MOC Monday: Michael B. Jordan

Fantastic Four might be suffering at the box office, but that won’t stop me from supporting Michael B. Jordan’s turn as The Human Torch. 

In case you’re wondering; no, I haven’t seen Fantastic Four yet, but I’ve heard both good and bad about it, so I really don’t know what my own opinion would be until I see the film for myself and judge it by my merits.

However, I think Michael B. Jordan’s part in it plays on many issues that are inherent in both superhero films and films in general: 1) the lack of representation in superhero films and 2) the idea of transracial adoption (with “transracial” being used in its original iteration, not in the Rachel Dolezal way) and interracial families in general.

There’s a huge debate about whether racebending is a good or bad thing in the realm of superhero films when whitewashing isn’t supported. The reason many people do support racebending, especially when it comes to comic book movies, is that comic books were written in a time when white representation was the only thing accounted for in society. However, with comic books having a multiracial and multicultural audience, it would behoove movie makers to create superhero films that show that anyone can be a superhero.

Transracial adoption is something that’s rarely touched on in movies, and when it is, it’s usually of a white family adopting a non-white child. Also, interracial families in general, whether from adoption or from marriage, are hardly ever shown in films. I haven’t seen Fantastic Four, so I don’t know if Sue is adopted into the Storm family or if she is Johnny’s stepsister. But I do know that seeing two characters of different races embracing the titles of sister and brother is something that’s too long overdue in Hollywood movies. Once again, it shows how Hollywood represents a time and mode of thinking that’s way in the past. If Hollywood’s going to really be as forward-thinking as they claim to be, they have to catch up with the rest of America, which is steadily becoming more interwoven between races, cultures, and sexual backgrounds.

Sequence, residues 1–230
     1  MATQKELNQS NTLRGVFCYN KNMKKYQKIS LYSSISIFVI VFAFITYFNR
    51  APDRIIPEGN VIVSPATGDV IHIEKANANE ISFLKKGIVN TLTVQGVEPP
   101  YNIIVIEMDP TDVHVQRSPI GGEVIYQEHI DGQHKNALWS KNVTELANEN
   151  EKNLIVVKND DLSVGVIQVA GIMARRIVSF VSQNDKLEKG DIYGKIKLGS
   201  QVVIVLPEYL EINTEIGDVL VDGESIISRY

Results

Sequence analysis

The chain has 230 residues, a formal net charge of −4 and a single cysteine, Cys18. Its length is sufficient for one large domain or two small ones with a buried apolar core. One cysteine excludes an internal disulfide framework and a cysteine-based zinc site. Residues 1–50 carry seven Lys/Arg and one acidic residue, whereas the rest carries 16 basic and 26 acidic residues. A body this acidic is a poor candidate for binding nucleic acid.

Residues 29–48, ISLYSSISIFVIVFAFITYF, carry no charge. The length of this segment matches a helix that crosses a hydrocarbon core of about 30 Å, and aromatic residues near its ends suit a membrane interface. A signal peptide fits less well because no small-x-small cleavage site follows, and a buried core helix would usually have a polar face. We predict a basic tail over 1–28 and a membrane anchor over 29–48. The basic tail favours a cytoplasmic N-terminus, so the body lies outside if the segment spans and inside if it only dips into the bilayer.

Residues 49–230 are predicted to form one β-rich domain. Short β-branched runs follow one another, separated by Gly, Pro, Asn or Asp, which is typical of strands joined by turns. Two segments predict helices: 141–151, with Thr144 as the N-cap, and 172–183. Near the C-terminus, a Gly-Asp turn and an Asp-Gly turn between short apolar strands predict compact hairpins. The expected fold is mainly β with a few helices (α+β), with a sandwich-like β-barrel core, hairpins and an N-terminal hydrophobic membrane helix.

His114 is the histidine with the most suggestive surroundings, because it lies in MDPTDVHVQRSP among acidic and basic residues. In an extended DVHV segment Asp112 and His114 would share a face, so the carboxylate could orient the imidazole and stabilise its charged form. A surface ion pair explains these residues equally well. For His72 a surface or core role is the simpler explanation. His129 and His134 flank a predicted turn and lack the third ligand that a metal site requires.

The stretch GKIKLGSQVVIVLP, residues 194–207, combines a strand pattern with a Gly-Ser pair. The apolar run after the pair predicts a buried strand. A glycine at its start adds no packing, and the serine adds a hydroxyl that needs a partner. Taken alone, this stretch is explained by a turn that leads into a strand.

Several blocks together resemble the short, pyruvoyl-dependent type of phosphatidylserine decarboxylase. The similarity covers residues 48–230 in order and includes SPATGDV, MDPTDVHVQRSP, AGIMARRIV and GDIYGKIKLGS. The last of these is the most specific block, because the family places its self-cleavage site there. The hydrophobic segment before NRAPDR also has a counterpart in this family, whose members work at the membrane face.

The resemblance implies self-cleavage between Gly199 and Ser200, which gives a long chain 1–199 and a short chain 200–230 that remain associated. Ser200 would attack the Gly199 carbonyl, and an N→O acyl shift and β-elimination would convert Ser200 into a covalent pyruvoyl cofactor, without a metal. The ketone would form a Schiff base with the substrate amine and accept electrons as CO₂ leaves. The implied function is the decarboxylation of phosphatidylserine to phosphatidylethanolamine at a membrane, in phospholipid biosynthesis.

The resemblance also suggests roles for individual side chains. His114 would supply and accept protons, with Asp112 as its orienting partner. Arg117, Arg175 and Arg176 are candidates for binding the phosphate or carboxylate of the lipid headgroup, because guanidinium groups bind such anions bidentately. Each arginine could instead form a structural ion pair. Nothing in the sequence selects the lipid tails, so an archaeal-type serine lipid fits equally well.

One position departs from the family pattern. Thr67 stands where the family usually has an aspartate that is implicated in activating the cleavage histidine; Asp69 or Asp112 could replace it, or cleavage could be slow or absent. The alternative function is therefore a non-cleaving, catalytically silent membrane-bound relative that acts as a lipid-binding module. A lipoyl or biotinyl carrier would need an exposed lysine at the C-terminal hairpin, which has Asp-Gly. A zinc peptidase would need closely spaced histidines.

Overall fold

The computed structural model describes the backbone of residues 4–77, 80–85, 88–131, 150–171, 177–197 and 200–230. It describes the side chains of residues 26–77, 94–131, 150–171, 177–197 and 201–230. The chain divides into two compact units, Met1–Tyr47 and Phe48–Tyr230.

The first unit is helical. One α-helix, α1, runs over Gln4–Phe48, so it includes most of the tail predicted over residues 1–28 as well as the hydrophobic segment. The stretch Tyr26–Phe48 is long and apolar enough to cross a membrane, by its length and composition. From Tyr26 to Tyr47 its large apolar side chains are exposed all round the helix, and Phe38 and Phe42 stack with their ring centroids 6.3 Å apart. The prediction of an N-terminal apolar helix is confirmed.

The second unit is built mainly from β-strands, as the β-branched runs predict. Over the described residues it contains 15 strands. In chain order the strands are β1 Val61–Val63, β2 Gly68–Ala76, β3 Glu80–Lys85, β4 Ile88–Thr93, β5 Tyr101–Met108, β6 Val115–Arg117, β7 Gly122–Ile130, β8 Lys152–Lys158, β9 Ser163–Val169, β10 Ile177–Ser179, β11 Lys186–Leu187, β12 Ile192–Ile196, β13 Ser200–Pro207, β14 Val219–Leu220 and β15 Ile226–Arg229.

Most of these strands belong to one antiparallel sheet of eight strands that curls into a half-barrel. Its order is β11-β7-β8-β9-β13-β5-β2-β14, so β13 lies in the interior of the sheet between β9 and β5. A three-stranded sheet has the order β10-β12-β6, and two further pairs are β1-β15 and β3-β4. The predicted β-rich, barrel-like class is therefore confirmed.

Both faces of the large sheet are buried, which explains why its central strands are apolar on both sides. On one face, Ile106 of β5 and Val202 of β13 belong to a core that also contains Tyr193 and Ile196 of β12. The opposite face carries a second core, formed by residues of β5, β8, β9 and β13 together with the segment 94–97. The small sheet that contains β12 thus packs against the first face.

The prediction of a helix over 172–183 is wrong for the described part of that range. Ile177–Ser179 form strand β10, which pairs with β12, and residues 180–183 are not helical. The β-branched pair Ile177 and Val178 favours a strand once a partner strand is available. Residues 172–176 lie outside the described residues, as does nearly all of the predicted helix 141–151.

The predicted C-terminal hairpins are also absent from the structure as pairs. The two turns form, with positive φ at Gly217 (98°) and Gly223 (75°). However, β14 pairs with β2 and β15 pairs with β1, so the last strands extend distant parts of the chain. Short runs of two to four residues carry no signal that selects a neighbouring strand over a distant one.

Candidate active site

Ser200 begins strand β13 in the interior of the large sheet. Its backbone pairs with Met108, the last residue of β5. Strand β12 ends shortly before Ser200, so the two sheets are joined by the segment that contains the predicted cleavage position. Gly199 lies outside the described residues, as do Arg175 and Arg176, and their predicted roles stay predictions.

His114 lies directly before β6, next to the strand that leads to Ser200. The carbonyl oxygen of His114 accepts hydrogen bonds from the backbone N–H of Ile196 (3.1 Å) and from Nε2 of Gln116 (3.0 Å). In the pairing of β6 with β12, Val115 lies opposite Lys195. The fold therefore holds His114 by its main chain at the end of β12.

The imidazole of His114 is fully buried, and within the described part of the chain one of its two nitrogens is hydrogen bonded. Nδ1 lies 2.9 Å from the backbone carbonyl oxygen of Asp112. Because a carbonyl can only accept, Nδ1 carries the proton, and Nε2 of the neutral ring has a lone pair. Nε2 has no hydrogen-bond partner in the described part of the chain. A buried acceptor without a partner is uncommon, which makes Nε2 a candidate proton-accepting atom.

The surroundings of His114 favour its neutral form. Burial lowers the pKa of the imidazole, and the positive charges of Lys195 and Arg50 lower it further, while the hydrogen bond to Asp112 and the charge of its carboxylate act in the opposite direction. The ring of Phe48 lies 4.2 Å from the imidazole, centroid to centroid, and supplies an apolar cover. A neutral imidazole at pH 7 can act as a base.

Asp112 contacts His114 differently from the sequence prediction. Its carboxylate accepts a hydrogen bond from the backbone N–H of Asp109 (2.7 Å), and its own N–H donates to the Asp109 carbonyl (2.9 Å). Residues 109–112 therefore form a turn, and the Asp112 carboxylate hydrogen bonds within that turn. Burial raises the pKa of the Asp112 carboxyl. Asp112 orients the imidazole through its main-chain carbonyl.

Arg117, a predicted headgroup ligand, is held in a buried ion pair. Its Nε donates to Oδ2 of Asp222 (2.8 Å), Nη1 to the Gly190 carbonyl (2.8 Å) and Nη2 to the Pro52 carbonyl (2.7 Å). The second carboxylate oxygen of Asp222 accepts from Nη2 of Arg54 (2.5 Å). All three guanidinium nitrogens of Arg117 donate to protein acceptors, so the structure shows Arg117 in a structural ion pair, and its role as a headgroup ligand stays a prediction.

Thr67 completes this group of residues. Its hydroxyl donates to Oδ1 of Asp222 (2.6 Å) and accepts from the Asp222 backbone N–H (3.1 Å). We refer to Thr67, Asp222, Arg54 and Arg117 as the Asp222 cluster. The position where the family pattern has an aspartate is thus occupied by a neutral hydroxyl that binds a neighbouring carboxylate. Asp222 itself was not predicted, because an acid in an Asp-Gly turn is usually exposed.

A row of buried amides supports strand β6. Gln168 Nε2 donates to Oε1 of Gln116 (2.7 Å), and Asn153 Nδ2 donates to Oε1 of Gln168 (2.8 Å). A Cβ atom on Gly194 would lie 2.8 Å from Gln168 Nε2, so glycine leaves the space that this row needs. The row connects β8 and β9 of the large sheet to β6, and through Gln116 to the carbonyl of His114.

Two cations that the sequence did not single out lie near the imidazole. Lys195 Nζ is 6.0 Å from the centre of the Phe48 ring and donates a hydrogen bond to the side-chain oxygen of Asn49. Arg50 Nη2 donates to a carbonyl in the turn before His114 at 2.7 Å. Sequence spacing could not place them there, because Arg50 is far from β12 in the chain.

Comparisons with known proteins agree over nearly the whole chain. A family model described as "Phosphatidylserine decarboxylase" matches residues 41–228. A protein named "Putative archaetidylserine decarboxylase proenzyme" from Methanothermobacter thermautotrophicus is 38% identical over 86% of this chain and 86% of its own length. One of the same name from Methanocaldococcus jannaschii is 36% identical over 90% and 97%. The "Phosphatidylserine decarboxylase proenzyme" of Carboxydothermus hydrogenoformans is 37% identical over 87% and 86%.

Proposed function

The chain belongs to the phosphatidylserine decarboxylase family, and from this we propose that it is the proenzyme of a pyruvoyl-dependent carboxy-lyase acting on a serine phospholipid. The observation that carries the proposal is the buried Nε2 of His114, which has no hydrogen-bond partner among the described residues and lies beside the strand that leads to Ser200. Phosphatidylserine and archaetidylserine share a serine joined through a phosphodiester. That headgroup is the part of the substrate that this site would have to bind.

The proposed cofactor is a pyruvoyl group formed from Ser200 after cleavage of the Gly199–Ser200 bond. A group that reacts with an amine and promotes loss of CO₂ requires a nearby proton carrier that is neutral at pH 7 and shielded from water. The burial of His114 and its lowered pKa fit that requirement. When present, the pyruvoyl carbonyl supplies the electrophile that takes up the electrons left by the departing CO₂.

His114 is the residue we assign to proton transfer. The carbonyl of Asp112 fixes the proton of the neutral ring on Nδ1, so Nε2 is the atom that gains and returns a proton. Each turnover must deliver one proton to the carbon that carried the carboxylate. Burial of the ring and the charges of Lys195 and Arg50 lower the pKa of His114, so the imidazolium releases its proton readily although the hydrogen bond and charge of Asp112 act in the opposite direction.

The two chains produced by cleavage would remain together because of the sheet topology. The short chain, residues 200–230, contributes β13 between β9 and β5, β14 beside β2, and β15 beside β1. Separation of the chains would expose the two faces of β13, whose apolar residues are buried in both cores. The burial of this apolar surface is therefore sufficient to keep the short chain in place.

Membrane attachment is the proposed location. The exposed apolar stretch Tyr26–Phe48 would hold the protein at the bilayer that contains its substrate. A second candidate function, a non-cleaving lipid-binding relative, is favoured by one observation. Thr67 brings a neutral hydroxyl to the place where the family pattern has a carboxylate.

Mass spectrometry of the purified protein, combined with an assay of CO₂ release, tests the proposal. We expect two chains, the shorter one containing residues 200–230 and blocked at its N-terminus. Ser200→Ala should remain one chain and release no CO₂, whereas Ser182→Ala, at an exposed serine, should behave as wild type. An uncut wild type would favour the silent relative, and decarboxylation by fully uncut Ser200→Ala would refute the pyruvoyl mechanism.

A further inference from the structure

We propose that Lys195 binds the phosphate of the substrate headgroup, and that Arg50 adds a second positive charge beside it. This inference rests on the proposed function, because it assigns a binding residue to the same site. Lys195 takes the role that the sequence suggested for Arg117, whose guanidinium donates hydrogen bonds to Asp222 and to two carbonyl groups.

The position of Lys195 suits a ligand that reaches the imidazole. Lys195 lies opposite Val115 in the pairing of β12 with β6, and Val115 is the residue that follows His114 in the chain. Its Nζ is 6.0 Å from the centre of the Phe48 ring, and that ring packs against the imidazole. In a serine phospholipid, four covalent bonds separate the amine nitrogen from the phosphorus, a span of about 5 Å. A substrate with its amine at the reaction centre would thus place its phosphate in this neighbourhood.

I say all of this to say that whether or not Fantastic Four is remembered for being a great movie, Michael B. Jordan (and Kate Mara) should be commended for taking on a role that engaged superhero movie fans (and movie fans in general) in thinking about just what constitutes family. One’s race doesn’t make someone less of a family member. Just ask these people. 

What do you love about Michael B. Jordan? Did you like Fantastic Four? Give your opinions in the comments section below!

Michael B. Jordan as Johnny Storm/The Human Torch. Photo credit: 21st Century Fox